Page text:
As most anyone, I am fascinated by flight: an airplane lifting off of the ground then soaring thousands of miles about the clouds, following the curve of Earth, fast. We reach our destination in 1 hour 45 minutes when it would take 17 hours to drive. Arriving rested and ready to play for a week.
Flight of any sort requires lift. An airplane, a bird, a bee, a butterfly must be able to lift itself as well as propel itself through the air. Take a moment to read the article in Science Daily that dispels the myth that bumble bees shouldn't be able to fly at all, as we have thought for decades. Instead, they rely on their brute force to get off the ground to go from plant to plant. One of the articles that I read referred to them as the cargo tankers of the insect world. Wikipedia also has an interesting bumble bee discussion, too.
I stepped outside the other morning headed on a certain errand--to get the mail, maybe--when I saw a pair of swallow tailed butterflies dancing in the Manarda. I had been waiting for them to show up all summer. Forgetting my errand, I returned to the house to get the Canon with the telephoto so that I capture their images. I wanted to get them in flight.
By Emily Dickinson
From Cocoon forth a Butterly
As Lady from her Door
Emerged--a Summer Afternoon--
Without Design--the I could trace
Except to stay abroad
On Miscellaneous Enterprise
Her pretty Parasol been seen
Contracting in a Field
Where men and Hay--
The struggling hard
With an opposing Cloud--
Where Parties--Phantom as Herself--
To Nowhere--seemed to go
In purposeless Circumference--
As 'were a Tropic Show--
And notwithstanding Bee--that worked=--
And Flower--that zealous blew--
This Audience of Idleness
Disdained them, from the Sky--
Till Sundown crept--a stead Tide--
And Men that made the Hay--
And afternoon-- and Butterfly--
Extinguished--in the Sea--
July: The Month of the Lily
Transplanted from the UGLY PLACE last summer, this day lily bloomed for the first time in its new spot in the garden that wraps around the back of the patio. The dark red was a welcome color in a garden sea of pink.
Agapnathus, her garden companion, makes a nice contrast with her trumpet shaped blooms in a lavender-periwinkle color.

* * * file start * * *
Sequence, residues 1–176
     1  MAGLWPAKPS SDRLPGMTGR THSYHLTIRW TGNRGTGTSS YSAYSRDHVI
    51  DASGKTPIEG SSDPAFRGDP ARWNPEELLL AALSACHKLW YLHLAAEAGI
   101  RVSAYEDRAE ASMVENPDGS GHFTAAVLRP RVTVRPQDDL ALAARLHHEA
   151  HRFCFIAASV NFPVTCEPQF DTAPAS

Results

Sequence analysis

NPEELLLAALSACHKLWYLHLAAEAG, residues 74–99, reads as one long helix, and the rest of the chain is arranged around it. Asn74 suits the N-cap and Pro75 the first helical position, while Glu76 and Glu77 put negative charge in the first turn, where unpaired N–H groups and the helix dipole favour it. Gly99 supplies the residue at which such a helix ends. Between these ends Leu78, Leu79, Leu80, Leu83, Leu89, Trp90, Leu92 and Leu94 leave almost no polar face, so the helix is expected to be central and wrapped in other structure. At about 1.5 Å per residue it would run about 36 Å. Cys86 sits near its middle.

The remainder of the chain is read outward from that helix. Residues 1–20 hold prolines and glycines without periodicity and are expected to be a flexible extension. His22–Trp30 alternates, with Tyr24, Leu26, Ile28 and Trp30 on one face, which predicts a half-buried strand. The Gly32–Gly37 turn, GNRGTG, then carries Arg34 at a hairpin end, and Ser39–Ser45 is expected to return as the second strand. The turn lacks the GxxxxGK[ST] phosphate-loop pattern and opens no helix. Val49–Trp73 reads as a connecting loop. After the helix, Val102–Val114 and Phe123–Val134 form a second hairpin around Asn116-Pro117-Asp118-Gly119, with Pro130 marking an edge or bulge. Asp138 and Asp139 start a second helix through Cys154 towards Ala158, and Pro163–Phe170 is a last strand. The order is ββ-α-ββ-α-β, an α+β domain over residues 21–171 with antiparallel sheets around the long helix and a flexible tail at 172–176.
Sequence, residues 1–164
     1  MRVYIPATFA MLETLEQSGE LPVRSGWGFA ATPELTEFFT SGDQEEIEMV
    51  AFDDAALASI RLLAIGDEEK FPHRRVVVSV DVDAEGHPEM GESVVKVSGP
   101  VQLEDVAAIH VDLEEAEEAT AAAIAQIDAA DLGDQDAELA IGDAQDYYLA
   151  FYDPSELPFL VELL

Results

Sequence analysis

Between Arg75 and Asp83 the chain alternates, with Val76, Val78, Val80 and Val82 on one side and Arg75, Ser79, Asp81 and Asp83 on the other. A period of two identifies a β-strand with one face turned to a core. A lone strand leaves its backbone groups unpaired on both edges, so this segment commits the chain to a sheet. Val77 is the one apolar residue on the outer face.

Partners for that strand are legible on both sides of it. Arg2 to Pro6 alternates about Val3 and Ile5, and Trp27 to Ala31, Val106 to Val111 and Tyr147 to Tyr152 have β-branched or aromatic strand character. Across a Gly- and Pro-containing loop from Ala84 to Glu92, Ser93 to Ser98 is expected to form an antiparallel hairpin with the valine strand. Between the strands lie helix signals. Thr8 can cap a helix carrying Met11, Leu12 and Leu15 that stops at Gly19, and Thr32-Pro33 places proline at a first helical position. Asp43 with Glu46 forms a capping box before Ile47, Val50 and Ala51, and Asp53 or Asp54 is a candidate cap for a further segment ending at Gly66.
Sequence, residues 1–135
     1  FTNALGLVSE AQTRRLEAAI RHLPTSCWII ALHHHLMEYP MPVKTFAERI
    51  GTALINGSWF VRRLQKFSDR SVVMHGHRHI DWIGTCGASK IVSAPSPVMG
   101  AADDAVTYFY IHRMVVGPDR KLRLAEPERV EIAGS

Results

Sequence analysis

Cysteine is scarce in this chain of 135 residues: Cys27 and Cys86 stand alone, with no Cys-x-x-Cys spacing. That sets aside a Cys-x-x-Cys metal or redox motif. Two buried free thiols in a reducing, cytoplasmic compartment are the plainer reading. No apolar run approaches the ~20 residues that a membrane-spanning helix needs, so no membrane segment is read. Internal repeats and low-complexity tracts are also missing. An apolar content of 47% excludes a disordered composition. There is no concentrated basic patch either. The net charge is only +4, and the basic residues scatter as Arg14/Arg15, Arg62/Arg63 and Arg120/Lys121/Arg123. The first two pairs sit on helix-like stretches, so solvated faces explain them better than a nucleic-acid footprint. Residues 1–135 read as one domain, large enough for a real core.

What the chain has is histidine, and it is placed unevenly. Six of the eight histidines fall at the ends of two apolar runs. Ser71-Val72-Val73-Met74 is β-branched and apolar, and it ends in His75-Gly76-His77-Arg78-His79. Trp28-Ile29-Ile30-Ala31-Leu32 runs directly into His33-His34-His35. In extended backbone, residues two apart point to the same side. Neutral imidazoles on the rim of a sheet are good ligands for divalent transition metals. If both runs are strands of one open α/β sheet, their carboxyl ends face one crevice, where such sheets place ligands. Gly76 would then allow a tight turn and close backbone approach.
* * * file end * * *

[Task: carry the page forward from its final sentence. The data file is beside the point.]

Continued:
On the north side of the house living with the other tiger lilies lives this tiger lily. I don't have name for her. Any idea? She is pinkish on with a dash of brown. One my faves. I only have two stems growing, so I hoping that she will reseed herself.
She probably belongs to the lilium family.
Then we have these gorgeous plants. I shared photos of the Anderson Wheat Farmers last week harvesting wheat. This is what Mrs. Anderson grows in her garden, these gorgeous tree lilies that are at least 6 feet tall.
Playing in the Water
I am so grateful for an automatic underground irrigation system here that the Head Gardener has worked so hard to get automated. Without it, gardening here would be nearly impossible. Our hot, dry climate spells certain death for many plants that are not natives to Zone 5. I think I almost see smiles on these little faces. Can you?
I saved the best for the last. If you have visited Ann's Dollhouse Dreams, my dollhouse blog, you would have had advanced notice. I am pretty excited to be able to return to the university to teach one more time. I received an email a couple of weeks ago from the English department executive assistant asking me if I wanted to teach a few classes. My first question was what is a "few?" I did decide to teach two sections of English 122, college composition, a course where we teach essay writing to incoming freshmen. I loved my job, but I was tired and worn out and the I just was not enjoying myself, so I retired, but oh my did I ever miss it. I will teach Tuesdays and Thursday beginning August 25 until December 15th. I promise to keep blogging.
This week has a bit going on. Tomorrow I drive to Denver to bid farewell to a cousin who passed last November in Washington. She grew up in the Denver area, so friends and family are having a memorial for her and her husband who passed shortly after, too. I will probably see family that I have not seen in years. And Lucy has her birthday; she will 7. The heat is on, too. The garden is beginning to show the wear and tear of heat, wind, and hail. It looks like it is ready to rest. We are starting to wear down too with all of the weeding and still cannot keep up. What about your garden? Is it showing signs of slowing down? Are you slowing down?
I hope you have a splendid week. Thanks so much for stopping by.